Skepfeeds-The Best Skeptical blogs of the day

Afternoon Delight With The Discovery Institute – #3

Posted in Enemy Combatant by Skepdude on September 3, 2008

**Our last episode found Casey Luskin buying more of what we were selling than I’d have thought possible. Today we continue our tour, and things get what passes for interesting around there.**

After a couple more questions that were skirted or barely answered, our sparkly eyed and bushy browed guide seemed to be satisfied with our credentials both scientific and conservative. He then took the opportunity to inform us that science was his personal passion, and that he considers himself a scientist.

I’m waiting for my blue ribbon and gold medal to arrive for not dying of laughter at that point.

READ THE REST OF THIS ENTRY AT “Enemy Combatant Trailmix Appreciation Club”

The Importance and Limitations of Peer-Review

Posted in Science Based Medicine by Skepdude on September 3, 2008

Peer-review is a critical part of the functioning of the scientific community, of quality control, and the self corrective nature of science. But it is no panacea. It is helpful to understand what it is, and what it isn’t, its uses and abuses.


When “gut feelings” about science attack, or: Oh, no! Histidine and polysorbate-80 are going to kill us all!

Posted in Respectful Insolence by Skepdude on September 3, 2008

Some people should keep their “gut feelings” to themselves.

You know the type: People who have no knowledge about a topic or, even worse, just enough knowledge to sound as if they have a clue about it to people who don’t have a clue but are easily spotted as utterly and completely clueless by people who do have a clue. These people often think they’ve discovered something that scientists, in all their blindness have missed, and have a burning urge to share the information as though it’s some revelation, a bolt out of the blue. Not uncommonly, they also often “beg” the authorities, be they the CDC, FDA, NIH, or CIA (in the case of particularly wild clueless wonders) to take a look at their amazing new finding. Even more commonly, they often cherry pick literature without understanding it and link things that really don’t have much of link.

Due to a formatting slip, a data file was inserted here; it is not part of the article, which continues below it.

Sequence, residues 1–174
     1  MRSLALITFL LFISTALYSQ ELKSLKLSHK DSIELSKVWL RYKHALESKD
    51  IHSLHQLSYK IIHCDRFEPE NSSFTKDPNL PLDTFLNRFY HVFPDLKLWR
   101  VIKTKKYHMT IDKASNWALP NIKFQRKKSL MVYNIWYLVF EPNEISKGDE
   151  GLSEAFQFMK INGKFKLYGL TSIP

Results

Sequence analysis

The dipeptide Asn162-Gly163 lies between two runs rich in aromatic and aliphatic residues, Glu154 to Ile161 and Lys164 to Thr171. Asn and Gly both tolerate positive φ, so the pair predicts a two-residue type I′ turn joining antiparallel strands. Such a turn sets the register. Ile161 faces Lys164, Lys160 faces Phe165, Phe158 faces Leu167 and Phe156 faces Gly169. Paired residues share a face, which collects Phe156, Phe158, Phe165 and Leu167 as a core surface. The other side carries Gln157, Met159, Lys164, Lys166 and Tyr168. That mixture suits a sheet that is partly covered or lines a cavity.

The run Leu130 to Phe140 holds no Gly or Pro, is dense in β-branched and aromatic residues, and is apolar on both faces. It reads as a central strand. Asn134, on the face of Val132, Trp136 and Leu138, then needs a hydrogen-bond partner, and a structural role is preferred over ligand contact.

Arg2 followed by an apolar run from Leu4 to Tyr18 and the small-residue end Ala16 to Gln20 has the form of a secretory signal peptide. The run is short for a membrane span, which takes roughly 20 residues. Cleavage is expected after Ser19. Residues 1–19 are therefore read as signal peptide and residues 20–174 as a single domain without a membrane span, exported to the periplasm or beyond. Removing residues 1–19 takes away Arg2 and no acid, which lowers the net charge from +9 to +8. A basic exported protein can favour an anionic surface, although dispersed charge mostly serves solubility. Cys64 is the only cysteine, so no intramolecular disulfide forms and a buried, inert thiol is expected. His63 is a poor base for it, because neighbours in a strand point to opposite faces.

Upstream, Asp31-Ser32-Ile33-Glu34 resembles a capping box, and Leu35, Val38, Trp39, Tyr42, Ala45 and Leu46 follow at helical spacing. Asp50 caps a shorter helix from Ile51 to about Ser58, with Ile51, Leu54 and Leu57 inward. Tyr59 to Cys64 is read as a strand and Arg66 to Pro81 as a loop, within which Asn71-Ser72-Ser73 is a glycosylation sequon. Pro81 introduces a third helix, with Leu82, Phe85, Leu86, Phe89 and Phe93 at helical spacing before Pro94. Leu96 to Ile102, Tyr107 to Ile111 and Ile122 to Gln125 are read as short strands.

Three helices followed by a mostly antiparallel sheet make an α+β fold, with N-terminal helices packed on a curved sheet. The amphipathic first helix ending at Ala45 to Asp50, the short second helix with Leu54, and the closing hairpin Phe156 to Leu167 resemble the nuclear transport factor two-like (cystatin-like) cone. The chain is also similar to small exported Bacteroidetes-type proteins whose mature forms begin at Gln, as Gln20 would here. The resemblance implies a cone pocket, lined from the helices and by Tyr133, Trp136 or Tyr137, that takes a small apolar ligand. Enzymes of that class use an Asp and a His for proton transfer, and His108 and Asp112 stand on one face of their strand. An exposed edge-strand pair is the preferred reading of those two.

I’ve found an excellent example of a clueless wonder who’s done virtually all of the above. Meet Cynthia A. Janak, who describes herself as:

…a freelance journalist, mother of three, foster mother of one, grandmother of five, business owner, Chamber of Commerce member. Her expertise is as an administrative professional. Her specialties are adoptee and genealogy research and research journalism. Hobbies: Writing prose, crocheting, Conservative Studies, and rehabbing houses.

Sounds like a nice lady, right? Too bad this nice lady has written what has to be the most amazingly convoluted and silly attack on Gardasil I’ve ever seen. Being a nice grandmother isn’t enough to protect her from a bit of the ol’ not-so-Respectful Insolence, I’m afraid. It won’t be as heapin’ a helpin’ as usual, though. On second thought, the article she wrote, Polysorbate 80 and Histidine, a marriage of disaster, merits the full Orac treatment. I’ll probably feel a bit guilty when I’m done, but I’ll get over it. If someone’s going to post such amazing ignorance about science (while admitting over and over that she doesn’t know anything about the science) and expect to be taken seriously, she should be disabused of that expectation as quickly as possible.


Didgeridoos are not for you, little girl

Posted in Pharyngula by Skepdude on September 3, 2008

Harper Collins is about to release a children’s book called The Daring Book for Girls(amzn/b&n/abe/pwll) in Australia. It contains a very short section on how to play a didgeridoo — and wouldn’t you know it, someone is offended.


Islamists attacking freedom of speech

Posted in Muslims Against Sharia by Skepdude on September 3, 2008


By Clifford D. May

Freedom of speech is under attack. Let us count the ways.

The first and most obvious: Those who criticize militant Islamists — from novelist Salman Rushdie to Danish cartoonists to memoirist Ayaan Hirsi Ali — are routinely threatened with deadly violence. It would be black humor to say this is having a chilling effect.

The second is “political correctness.” On campuses and within Western governments, it is increasingly taboo to label terrorists who slaughter in the name of Islam “Islamist terrorists.” In Canada, “human rights commissions” attempt to enforce this taboo by putting such writers as Mark Steyn and Ezra Levant on trial for the “crime” of expressing opinions that offend Islamic grievance groups — and also for quoting Islamists accurately and thereby casting them in an unfavorable light. If that’s not Orwellian, what is?

But it is the third approach that could be most consequential for Americans. It’s known as “libel tourism” and here’s how it works: